Understanding Wittgenstein: Studies of Philosophical Investigations

By J. F. M. Hunter | Go to book overview

Two
NAMES, USE AND GRAMMAR
Wittgenstein IS fairly persuasive on the theme, which is anyway pretty obvious, that not all words, and not even all nouns, are names. He is on to something more subtle when he shows in various ways how, even when we think we are clear about this, many of the things that puzzle us in philosophy are troublesome at least partly because we press questions which make sense only on the supposition that certain words are names. The question 'What is the meaning of a word?', when it means 'Which object is the meaning of a word?', arises under such auspices, as do the questions 'What is (which something is) an intention, a belief, an expectation?'Still, some words are names, and Wittgenstein is neither so clear nor so well understood in the places where he seems to suggest that there is a great deal more to understanding a name than knowing the object, or family of objects, for which it stands. He says we must also know its use; but what is that? Most of us could not, without help, get much beyond supposing that its use is to refer to objects like this, this and this; but Wittgenstein is either sceptical about whether that is part of the use at all, or uninterested in the fact that it is; and he suggests that there is at least much more to the use of a name than that, but gives us very little guidance on just what he has in mind. What is this 'use', to which he alludes, but which he scarcely describes?That problem arises from such passages in the Investigations as the following:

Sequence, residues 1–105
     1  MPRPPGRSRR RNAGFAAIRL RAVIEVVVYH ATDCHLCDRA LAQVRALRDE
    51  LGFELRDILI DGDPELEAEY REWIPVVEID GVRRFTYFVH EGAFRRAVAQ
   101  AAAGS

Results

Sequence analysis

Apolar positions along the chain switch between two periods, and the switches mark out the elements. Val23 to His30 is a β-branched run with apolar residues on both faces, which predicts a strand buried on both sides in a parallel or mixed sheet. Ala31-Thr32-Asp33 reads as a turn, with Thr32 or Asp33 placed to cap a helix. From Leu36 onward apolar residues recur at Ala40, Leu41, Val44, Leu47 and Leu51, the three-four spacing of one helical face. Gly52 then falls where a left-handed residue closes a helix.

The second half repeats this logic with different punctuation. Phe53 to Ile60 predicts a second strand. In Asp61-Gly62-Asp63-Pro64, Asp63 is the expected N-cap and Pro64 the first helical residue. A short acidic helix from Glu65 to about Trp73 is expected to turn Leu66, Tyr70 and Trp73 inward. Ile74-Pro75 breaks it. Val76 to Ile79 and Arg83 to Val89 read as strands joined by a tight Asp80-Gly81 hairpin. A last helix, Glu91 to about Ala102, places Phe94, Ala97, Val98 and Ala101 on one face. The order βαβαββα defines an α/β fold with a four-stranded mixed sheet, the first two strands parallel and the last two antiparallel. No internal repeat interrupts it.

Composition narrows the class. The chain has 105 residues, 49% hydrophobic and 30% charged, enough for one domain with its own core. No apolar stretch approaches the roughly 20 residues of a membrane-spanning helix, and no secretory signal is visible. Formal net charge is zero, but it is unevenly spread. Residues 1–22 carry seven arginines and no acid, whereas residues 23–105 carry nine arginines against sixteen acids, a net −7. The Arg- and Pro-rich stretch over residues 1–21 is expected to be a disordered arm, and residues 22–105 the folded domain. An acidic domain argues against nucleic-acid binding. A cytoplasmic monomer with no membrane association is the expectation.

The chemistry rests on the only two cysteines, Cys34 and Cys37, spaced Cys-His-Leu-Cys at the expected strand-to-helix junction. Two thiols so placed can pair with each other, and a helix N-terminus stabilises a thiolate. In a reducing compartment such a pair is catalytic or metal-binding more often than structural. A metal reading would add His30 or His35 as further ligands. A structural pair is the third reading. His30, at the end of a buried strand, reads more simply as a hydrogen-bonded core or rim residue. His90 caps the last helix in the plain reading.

6. I set the brake up by connecting up rod and lever.' -- Yes, given the whole of the rest of the mechanism. Only in conjunction with that is it a brake-lever, and separated from its support it is not even a lever; it might be anything, or nothing.

-7-

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